Germany's State Secretary of Economy and Energy, Rainer Baake, says that a mandate to ban petrol car sales by 2030 will be necessary to achieve the country's emission goals to cut carbon dioxide output by 80 to 95 per cent by 2050.
And it is not the first country to float the idea — The Netherlands and Norway government are in discussions to only allow electric car sales by 2025, and India is "evaluating a scheme" for an all-electric fleet by 2030.
The next generation of rechargeable lithium batteries set to change the electric vehicle industry may soon be here, thanks to the humble salt bath.
CSIRO scientists, in collaboration with RMIT University and QUT, have found that pre-treating a battery's lithium metal electrodes with an electrolyte salt solution extends the battery life and increases performance and safety, to a point where electric vehicles will soon be competitive with traditional petrol vehicles.
Image Cache: Electric cars have been around for a long time — just as long or longer than the internal combustion engine. Sure, some of them look a little funky, but the last 188 years have been pretty kind.
After two years of research and development in Melbourne and Armidale, the first electric car to be fully designed and built in Australia is about to kick-start local manufacturing in Victoria. The Tomcar LV1, designed for the mining industry, is the first EV from a company with a background in off-road recreational carts and buggies, and is the most Australian vehicle to be assembled in the country for a long time.
A San Diego-based EV conversion company salvaged a charred Ferrari (they had many to choose from) by turning it into what the company claims is the first fully electric Ferrari, a 415-horsepower electric tire-crusher. It's glorious, if a little blasphemous.
While the current BMW i8 is already both a looker and one of the more environmentally conscious supercars on our roads, the next iteration will likely be even more efficient. Reports from the UK say that the new i8 will have a topless roadster option, a more powerful electric motor and larger drive battery, and even the possibility of inductive wireless charging.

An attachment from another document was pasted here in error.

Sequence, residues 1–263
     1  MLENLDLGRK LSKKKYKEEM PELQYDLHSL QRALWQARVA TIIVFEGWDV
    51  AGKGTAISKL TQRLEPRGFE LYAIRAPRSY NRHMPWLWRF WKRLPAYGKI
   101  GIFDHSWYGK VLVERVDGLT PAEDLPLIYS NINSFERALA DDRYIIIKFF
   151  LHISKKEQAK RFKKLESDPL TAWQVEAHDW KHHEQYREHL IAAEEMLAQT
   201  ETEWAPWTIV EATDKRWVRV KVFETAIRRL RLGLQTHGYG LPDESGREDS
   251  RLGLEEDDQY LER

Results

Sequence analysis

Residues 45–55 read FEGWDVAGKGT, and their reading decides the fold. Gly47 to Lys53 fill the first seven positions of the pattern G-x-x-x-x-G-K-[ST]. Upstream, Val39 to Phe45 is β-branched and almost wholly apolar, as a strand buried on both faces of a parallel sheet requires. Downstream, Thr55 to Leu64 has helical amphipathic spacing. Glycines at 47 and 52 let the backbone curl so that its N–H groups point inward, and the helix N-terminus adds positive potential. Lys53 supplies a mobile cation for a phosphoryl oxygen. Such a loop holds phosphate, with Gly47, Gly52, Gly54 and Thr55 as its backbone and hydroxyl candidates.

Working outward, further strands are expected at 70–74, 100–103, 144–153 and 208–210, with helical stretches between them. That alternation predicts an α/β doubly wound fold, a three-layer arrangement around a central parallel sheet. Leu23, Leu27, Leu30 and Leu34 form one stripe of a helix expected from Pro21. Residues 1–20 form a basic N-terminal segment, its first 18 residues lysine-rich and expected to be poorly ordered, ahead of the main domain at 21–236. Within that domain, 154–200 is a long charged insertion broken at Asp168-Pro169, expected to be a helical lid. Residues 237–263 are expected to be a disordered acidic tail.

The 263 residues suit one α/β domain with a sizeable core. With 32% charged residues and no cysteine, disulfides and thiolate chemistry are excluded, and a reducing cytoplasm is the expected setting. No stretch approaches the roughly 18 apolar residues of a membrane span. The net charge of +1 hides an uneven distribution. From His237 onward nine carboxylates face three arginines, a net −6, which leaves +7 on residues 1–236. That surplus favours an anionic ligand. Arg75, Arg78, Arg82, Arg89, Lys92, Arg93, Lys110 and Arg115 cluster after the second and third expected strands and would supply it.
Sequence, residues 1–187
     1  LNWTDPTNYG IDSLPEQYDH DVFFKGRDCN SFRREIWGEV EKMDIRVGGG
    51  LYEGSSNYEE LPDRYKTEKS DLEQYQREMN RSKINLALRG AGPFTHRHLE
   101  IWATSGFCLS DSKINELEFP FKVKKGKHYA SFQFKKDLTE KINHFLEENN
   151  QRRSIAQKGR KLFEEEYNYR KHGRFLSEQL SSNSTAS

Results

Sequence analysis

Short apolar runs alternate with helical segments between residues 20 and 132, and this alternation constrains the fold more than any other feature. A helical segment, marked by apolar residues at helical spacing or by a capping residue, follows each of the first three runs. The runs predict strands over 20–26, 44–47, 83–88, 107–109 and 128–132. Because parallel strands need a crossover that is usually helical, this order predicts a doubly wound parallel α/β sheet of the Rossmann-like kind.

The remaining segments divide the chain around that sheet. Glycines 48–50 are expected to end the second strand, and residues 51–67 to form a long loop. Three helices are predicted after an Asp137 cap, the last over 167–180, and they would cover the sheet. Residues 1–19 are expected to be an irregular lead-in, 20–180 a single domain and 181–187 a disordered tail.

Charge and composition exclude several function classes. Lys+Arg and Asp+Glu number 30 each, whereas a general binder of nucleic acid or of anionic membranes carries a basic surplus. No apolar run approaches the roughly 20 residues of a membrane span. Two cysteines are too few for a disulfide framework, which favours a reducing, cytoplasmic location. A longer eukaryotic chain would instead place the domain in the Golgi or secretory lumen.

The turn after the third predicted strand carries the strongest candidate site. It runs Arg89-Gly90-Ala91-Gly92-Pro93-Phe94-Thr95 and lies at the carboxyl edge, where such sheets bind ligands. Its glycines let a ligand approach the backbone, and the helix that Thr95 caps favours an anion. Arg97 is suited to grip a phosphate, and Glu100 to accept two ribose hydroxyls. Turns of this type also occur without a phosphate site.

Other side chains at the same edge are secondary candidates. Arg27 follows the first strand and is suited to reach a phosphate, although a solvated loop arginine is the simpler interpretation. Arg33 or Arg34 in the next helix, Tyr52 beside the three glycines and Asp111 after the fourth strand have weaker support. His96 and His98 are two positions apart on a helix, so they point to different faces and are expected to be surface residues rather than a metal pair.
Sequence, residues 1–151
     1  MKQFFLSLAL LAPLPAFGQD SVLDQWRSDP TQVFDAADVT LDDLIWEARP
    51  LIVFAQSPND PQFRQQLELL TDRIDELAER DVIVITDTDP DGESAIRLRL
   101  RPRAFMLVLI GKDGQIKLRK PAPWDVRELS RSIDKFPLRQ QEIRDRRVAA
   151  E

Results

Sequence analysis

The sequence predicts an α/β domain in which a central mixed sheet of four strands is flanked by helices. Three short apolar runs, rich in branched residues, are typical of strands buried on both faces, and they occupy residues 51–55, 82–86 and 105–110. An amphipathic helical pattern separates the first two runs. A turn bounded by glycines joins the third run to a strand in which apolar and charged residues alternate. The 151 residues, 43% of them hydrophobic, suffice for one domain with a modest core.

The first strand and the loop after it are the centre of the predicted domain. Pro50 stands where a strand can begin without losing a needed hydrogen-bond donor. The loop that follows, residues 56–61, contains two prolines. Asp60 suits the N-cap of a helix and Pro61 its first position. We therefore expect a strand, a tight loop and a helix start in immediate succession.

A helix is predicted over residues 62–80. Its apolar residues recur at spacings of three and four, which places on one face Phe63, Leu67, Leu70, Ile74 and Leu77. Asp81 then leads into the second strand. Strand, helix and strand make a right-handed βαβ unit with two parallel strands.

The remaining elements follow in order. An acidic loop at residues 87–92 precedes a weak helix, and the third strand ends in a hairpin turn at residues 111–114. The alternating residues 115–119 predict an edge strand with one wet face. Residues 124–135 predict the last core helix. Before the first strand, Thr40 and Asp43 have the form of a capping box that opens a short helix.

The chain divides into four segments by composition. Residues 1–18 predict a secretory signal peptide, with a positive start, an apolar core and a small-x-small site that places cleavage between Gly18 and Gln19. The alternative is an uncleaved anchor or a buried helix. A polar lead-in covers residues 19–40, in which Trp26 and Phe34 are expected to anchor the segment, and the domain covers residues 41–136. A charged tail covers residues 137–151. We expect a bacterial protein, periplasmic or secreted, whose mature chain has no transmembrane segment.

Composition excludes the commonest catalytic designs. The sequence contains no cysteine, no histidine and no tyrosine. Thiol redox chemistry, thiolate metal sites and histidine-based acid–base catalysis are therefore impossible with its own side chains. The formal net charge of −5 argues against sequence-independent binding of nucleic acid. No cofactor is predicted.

With Tesla Motors starting its ramp up to the launch of the Model 3 electric car, the company needs more stores and showrooms around the world to deal with an influx of new and returning customers. The third store location for Australia has just been unveiled — and it's in the heart of Sydney's CBD.
Young kids want to drive a Johnny Cab. That's what students at South Carolina's Clemson University, working with Toyota, has decided — and thus was born the uBox concept, which looks like a soft-roader SUV ate an urban assault vehicle. Apparently the uBox is made for "a young entrepreneur who wants a vehicle that can provide utility and recreation on the weekend" — that's totally us.
The University of Queensland has installed fast-charging electric vehicle stations at each of its campuses, and each is powered by the university's own solar array installations — making charging both free and emissions-free when the sun is shining. Alongside Tesla's destination chargers, the Veefil DC fast chargers are the start of a larger electric car fast-charging network in the state and are the first to be directly powered by renewables.